Saturday, July 4th 2015

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Articles Tagged: Spinal Cord Injury

Pain, paralysis “just life” for Surrey man

Published: June 26, 2015 | Category: News

Dan Thomas will take part in the Scotiabank Charity ChallengeIt wasn’t that long ago that Dan Thomas thought he had it all.

After years of hard work – he bought his first dump truck at 18, and had worked in the truck and excavating industry for nearly 30 years – the Newton resident, then 45, had a wife, a business and a house he’d paid off.

Then, in 2002 while driving home along 32 Avenue late one winter night, Thomas hit a patch of black ice, and rolled his truck into a tree.

His injuries – which he says included crushed lungs and two vertebrae in his back “basically disintegrating” – left him paralyzed from the waist down. Continue Reading »

How to Play Blues Harmonica after a High Level Spinal Cord Injury

Published: June 10, 2015 | Category: Information

playing the harmonica hands-freeA few years ago Jeremy Olson discovered something that could dramatically improve the quality of life of many people.

We already know that the harmonica is one of the most versatile, easy to play and affordable instruments out there. But what makes the harmonica special is that it is the perfect instrument if you have sustained a high level spinal cord injury.

This is because the harmonica is one of the few instruments that can be played hands-free. Continue Reading »

Spinal Cord Injuries Drop Among Young, But Rise Among Older Americans

Published: June 9, 2015 | Category: Featured Information

spine_59098Falls are the major cause among the elderly, researchers say

While the overall rate of traumatic spinal cord injuries was stable from 1993 to 2012, an increasing number of older Americans have experienced this injury, a new study finds.

“Spinal cord injury is a catastrophic injury that often results in permanent disability,” said lead researcher Dr. Nitin Jain, an associate professor of physical medicine and rehabilitation at Vanderbilt University School of Medicine in Nashville, Tenn. Continue Reading »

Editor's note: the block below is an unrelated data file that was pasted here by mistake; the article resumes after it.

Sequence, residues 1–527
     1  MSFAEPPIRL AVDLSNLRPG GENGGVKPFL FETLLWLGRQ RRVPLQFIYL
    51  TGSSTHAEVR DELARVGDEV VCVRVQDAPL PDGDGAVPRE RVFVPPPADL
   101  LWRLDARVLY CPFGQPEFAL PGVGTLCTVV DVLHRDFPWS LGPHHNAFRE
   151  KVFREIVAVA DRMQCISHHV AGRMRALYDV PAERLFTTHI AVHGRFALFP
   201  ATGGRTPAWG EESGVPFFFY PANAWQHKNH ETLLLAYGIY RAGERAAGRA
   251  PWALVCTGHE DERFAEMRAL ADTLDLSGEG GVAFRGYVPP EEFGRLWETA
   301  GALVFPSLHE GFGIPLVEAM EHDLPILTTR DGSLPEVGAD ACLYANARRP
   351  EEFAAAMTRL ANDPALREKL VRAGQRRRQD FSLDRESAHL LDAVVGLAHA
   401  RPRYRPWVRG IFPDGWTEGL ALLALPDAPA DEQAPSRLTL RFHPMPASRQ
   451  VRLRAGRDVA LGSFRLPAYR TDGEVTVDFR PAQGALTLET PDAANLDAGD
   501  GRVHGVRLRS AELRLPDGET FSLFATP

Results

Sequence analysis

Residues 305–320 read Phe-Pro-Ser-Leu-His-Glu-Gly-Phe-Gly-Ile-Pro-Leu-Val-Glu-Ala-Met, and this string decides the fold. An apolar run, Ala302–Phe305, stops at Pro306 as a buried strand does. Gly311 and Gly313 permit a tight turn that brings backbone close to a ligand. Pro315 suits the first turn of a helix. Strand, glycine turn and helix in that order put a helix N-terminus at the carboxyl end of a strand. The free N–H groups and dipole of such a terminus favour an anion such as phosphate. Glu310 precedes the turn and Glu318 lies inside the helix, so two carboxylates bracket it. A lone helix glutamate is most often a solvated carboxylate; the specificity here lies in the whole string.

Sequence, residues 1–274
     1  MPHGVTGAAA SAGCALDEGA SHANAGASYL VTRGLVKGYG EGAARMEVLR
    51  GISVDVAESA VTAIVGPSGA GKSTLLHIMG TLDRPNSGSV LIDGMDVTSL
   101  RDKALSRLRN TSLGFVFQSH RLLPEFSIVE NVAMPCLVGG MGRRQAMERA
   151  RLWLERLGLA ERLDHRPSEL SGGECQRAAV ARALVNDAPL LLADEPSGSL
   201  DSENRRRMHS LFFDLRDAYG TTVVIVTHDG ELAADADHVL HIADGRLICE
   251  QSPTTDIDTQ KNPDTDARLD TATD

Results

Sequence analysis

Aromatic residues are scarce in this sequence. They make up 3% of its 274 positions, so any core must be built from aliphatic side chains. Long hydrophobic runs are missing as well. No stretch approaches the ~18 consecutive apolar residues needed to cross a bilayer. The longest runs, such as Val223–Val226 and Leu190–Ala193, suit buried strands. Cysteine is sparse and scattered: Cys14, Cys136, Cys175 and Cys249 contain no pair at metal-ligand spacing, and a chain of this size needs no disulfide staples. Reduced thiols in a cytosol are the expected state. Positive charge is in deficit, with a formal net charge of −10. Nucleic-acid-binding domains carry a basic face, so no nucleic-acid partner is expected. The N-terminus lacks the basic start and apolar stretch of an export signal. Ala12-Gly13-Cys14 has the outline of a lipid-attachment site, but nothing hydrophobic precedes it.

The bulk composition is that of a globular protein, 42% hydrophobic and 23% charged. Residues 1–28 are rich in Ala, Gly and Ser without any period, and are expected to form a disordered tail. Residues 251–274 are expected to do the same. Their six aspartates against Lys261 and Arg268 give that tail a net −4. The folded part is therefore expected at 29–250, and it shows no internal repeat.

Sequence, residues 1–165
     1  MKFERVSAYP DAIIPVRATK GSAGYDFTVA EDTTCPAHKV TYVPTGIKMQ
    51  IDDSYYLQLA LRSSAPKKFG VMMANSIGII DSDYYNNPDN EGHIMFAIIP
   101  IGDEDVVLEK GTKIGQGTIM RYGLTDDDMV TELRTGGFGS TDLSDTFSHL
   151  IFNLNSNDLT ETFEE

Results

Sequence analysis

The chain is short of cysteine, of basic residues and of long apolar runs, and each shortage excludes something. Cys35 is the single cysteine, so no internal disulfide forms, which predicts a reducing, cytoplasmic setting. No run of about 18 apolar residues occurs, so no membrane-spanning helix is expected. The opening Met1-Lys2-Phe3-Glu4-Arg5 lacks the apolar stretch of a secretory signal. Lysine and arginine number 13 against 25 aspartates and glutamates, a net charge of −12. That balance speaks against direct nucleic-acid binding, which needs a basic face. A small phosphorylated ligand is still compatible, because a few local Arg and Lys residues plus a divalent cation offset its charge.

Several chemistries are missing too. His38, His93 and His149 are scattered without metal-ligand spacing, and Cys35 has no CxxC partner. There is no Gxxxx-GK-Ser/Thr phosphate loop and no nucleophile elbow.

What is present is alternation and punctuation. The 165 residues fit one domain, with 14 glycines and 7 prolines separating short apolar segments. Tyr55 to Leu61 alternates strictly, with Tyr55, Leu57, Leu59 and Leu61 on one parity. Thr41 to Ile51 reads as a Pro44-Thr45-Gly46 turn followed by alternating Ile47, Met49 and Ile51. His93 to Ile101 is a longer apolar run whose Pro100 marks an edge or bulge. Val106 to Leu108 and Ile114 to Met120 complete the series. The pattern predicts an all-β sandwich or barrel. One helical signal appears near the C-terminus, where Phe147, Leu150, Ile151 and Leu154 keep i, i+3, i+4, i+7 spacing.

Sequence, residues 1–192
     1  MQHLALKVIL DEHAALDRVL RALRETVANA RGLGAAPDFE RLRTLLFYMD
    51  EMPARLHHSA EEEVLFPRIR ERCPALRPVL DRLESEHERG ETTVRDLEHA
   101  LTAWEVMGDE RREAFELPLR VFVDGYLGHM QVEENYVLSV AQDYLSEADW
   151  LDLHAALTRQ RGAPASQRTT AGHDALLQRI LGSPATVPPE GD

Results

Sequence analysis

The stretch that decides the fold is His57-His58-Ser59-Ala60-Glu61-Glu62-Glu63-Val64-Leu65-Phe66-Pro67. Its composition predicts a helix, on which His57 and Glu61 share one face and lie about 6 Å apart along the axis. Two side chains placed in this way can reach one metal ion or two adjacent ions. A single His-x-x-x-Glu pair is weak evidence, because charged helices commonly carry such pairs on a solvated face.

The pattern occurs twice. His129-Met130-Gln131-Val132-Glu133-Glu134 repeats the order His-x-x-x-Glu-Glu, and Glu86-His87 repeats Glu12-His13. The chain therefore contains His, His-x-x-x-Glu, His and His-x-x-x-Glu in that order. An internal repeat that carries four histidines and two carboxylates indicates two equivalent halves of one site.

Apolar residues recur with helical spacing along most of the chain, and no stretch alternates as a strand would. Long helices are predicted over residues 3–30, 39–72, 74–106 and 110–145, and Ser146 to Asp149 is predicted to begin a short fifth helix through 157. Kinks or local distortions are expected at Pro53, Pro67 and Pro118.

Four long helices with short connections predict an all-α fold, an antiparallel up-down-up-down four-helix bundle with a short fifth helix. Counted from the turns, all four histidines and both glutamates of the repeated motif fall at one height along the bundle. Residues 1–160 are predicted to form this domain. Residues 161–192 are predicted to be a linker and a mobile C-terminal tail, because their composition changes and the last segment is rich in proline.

Post-Traumatic Syringomyelia

Published: April 21, 2015 | Category: Information

Syringomyelia is an uncommon but disabling complication of SCI. Although more than half of all people with SCI develop a cyst in the spinal cord at the injury site, only about 4% develop syringomyelia, in which the cyst fills with fluid and expands. This enlarged cyst, or syrinx, can damage the spinal cord and cause pain, loss of sensation, or weakness. Other symptoms may include low blood pressure with light-headedness, sweating, increased or decreased spasms, and impaired bladder emptying. In some cases, syringomyelia results in major loss of function. Continue Reading »

Upper Limb Kinematics After Cervical Spinal Cord Injury: A Review

Published: January 30, 2015 | Category: Information

Although a number of upper limb kinematic studies have been conducted, no review actually addresses the key-features of open-chain upper limb movements after cervical spinal cord injury (SCI). The aim of this literature review is to provide a clear understanding of motor control and kinematic changes during open-chain upper limb reaching, reach-to-grasp, overhead movements, and fast elbow flexion movements after tetraplegia. Continue Reading »